Yesterday was the start of the public hearings for the proposed building of the Northern Gateway pipeline extending from Alberta's oil sands to the west coast of British Columbia (Kitimat). If it goes ahead it would have the capacity to transport 525,000 barrels of oil daily (200 oil tankers per year) destined for U.S. and Asian markets. The oil tankers would have to navigate185 km of inner coastal waters and the Great Bear Rainforest.
In Kitamaat Village, where the first hearings are being held, Haisla Hereditary Chief, Ken Hall expressed his opposition to this project saying that it "put his people in the crosshairs of possible disaster and they must put threats to their homes and their children's future ahead of job prospects that might come from the pipeline." Samuel Robinson, a Hereditary Chief and fisherman from Kitamaat Village also opposed the project. "I know every inch of our territory. The area's rich with seafood, halibut, cod, fur-bearing animals," he said. "It worries me that all this will be lost or destroyed when there is a spill. Mark my words: when there is a spill. Experience knows it will happen."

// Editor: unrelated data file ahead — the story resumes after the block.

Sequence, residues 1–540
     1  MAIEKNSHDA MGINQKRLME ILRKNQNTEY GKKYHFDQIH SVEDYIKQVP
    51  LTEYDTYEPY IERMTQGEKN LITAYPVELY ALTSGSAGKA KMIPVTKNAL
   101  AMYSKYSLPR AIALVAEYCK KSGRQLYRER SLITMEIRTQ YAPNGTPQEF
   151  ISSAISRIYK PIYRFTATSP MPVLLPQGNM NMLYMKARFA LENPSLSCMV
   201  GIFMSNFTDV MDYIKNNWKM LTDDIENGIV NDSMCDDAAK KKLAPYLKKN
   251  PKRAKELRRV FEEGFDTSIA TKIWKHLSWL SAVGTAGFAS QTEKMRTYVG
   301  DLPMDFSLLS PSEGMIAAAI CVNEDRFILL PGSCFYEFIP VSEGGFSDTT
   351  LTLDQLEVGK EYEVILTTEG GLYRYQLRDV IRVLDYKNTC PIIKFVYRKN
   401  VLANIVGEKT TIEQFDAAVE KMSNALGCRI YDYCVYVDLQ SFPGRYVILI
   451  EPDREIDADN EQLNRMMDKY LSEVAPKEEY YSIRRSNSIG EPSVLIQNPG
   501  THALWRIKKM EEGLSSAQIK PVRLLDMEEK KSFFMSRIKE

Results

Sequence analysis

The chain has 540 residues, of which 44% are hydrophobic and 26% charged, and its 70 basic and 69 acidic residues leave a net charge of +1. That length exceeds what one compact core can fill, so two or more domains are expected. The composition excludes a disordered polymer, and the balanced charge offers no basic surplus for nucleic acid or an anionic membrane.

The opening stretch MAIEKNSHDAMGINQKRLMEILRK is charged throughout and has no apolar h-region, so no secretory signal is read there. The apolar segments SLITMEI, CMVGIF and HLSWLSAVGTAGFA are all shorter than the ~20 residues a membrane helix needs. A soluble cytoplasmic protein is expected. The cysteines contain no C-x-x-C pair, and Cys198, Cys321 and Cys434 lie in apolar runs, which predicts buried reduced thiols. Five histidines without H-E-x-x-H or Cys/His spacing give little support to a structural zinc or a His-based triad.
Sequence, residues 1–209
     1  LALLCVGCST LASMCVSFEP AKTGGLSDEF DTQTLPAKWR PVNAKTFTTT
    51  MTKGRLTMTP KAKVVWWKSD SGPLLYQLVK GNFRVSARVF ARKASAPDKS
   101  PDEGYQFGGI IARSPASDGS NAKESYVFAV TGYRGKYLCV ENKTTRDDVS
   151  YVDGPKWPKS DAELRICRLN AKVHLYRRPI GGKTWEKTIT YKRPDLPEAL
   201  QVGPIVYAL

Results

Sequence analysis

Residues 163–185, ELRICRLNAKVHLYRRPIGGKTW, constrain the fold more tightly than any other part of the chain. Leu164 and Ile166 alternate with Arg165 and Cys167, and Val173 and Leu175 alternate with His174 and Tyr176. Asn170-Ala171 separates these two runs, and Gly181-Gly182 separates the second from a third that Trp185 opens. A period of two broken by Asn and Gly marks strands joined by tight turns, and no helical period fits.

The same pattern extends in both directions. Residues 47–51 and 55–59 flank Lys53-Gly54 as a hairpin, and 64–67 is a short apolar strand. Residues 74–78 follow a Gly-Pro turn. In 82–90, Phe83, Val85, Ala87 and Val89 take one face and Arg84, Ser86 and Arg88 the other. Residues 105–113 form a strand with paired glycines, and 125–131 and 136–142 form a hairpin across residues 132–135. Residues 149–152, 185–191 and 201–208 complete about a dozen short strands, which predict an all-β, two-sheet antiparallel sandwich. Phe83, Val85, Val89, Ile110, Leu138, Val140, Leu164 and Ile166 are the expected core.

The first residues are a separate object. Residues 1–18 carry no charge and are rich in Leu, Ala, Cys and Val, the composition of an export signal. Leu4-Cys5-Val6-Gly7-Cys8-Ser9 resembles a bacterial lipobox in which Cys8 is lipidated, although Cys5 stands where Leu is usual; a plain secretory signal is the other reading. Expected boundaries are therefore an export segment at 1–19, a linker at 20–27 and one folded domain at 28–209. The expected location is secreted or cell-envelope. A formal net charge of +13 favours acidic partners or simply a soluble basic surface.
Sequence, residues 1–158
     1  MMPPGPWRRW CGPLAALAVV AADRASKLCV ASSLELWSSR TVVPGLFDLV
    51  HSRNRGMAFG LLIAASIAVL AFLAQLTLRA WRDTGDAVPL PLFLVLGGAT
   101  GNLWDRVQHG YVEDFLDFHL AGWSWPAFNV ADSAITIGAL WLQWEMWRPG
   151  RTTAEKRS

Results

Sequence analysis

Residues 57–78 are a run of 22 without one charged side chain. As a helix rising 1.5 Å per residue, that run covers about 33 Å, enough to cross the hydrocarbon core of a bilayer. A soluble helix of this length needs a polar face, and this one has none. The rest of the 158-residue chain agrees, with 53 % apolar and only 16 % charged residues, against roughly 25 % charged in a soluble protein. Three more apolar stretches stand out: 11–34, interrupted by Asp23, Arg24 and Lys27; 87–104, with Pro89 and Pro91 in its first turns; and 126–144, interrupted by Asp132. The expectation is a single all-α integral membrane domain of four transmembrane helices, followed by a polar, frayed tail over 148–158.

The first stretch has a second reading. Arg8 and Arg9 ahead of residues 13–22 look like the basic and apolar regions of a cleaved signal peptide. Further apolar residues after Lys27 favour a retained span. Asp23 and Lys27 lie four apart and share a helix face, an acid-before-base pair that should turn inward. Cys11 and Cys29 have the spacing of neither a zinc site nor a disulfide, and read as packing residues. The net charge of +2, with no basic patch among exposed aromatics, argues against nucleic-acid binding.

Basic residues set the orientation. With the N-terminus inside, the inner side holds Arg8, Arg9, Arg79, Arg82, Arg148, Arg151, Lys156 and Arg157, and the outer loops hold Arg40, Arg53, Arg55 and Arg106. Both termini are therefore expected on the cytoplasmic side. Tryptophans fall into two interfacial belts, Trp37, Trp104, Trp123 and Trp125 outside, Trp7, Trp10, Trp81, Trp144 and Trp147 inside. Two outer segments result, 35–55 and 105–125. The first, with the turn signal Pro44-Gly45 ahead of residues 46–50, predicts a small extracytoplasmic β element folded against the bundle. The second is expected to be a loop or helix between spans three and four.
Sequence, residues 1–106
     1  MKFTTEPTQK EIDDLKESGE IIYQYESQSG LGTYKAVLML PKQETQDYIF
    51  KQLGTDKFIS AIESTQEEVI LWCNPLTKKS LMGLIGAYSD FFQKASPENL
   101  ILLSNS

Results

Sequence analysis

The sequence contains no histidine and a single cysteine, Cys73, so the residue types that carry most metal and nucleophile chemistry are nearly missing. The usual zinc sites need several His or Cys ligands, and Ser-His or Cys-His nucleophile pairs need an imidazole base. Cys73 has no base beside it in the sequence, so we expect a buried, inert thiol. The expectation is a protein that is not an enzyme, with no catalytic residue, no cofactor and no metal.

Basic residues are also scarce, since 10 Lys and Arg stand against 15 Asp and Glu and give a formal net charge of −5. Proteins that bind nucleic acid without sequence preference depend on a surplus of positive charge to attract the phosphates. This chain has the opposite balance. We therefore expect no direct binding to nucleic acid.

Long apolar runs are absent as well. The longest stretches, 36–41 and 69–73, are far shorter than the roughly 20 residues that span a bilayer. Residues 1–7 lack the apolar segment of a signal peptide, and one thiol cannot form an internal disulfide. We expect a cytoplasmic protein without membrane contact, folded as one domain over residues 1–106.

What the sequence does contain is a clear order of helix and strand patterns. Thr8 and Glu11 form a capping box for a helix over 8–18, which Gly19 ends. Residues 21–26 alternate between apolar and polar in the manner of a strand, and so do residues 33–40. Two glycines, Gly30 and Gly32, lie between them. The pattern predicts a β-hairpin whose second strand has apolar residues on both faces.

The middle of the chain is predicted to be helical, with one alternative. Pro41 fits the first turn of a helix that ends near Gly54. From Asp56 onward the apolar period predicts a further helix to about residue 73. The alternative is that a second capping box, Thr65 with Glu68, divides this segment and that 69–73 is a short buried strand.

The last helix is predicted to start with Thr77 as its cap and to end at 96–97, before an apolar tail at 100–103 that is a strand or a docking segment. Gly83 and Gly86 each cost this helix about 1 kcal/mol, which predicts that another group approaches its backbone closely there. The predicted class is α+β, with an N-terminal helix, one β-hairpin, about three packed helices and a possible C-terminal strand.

I have my own misgivings about this project and the impact it will have on the environment. The proposed pipeline stretches for 1,177 km and crosses some 1000 streams and rivers. Five major salmon rivers will be affected: Stuart River, Morice River, Copper River, Kitimat River, Salmon River. The upheaval to the land and waterways will be enormous.